History has suffered incalcuably by having valid arguments mouthed by the worst human beings. Tariq Aziz was fond of reiterating the Saddamist line during the first Gulf War that Kuwait "belonged" to Iraq because the latter territory was delineated by arrogant English cartographers after the World War I and was therefore subject to native reassessment. To accept this was to accept that Kuwaitis, too, had a legitimate grievance with their own boundaries and just as much of a claim to redraw them through conquest and annexation... Where does post-colonalism end? How far back do we have to go to "remake" the Middle East? With Kurdistan, the destination has already been reached by on-the-ground realities. No less important, so has justice.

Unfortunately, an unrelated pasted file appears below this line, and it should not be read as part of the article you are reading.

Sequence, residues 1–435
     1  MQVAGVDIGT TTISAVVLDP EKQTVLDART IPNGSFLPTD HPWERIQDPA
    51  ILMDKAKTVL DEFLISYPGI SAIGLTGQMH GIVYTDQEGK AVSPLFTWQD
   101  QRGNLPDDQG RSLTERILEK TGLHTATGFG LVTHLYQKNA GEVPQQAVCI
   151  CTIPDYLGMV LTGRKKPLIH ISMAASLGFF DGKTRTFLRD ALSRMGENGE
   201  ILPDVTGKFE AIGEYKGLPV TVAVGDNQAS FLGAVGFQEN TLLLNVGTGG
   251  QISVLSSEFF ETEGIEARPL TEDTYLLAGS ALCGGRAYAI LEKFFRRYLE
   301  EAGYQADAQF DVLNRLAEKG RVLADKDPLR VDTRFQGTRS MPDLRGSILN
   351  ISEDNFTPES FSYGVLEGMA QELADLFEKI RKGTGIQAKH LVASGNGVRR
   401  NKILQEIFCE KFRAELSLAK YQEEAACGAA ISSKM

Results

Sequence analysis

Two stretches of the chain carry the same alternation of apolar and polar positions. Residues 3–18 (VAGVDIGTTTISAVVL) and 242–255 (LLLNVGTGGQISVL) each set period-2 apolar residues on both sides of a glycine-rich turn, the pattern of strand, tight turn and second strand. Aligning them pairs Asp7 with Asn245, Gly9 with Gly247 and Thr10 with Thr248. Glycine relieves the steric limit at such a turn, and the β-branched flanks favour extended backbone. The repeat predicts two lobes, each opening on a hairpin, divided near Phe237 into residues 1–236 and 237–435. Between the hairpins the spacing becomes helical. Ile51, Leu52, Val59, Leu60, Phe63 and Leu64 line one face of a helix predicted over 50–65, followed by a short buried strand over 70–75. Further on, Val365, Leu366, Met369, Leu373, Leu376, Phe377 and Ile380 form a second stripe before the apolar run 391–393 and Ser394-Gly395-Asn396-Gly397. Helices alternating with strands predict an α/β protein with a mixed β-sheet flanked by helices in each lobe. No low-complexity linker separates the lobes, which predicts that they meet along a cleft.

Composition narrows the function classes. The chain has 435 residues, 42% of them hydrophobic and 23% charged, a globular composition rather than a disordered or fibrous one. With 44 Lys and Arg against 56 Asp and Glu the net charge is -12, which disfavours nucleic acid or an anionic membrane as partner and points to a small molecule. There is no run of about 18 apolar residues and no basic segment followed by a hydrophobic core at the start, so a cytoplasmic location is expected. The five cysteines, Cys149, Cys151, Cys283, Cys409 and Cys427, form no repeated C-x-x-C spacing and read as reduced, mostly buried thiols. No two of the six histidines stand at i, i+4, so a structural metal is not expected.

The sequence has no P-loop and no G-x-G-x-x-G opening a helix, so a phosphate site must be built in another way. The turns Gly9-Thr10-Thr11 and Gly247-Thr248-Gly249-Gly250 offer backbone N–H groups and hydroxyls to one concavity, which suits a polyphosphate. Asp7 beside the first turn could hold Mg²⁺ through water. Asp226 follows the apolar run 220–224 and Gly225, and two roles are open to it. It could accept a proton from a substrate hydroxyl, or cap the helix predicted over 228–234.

Michael is an associate editor of Jewcy and a contributor to Slate. His blog is Snarksmith.

Source URL:

Wednesday, April 25, 2007

Why Bush will never pull out of Iraq

The old box trick has caught many a monkey. Let's not monkey around...Henry_Allen

House Passes Iraq Troop Pullout Bill
WASHINGTON, April 25, 2007(CBS/AP) A sharply divided House of Representatives brushed aside a veto threat and passed legislation that would order President George W. Bush to begin withdrawing troops from Iraq by Oct. 1.

The 218-208 vote Wednesday came as the top U.S. commander in Iraq told lawmakers the country remained gripped by violence but was showing some signs of improvement.

Passage puts the bill on track to clear Congress by week's end and arrive on the president's desk in coming days as the first binding congressional challenge to Bush's handling of the conflict now in its fifth year.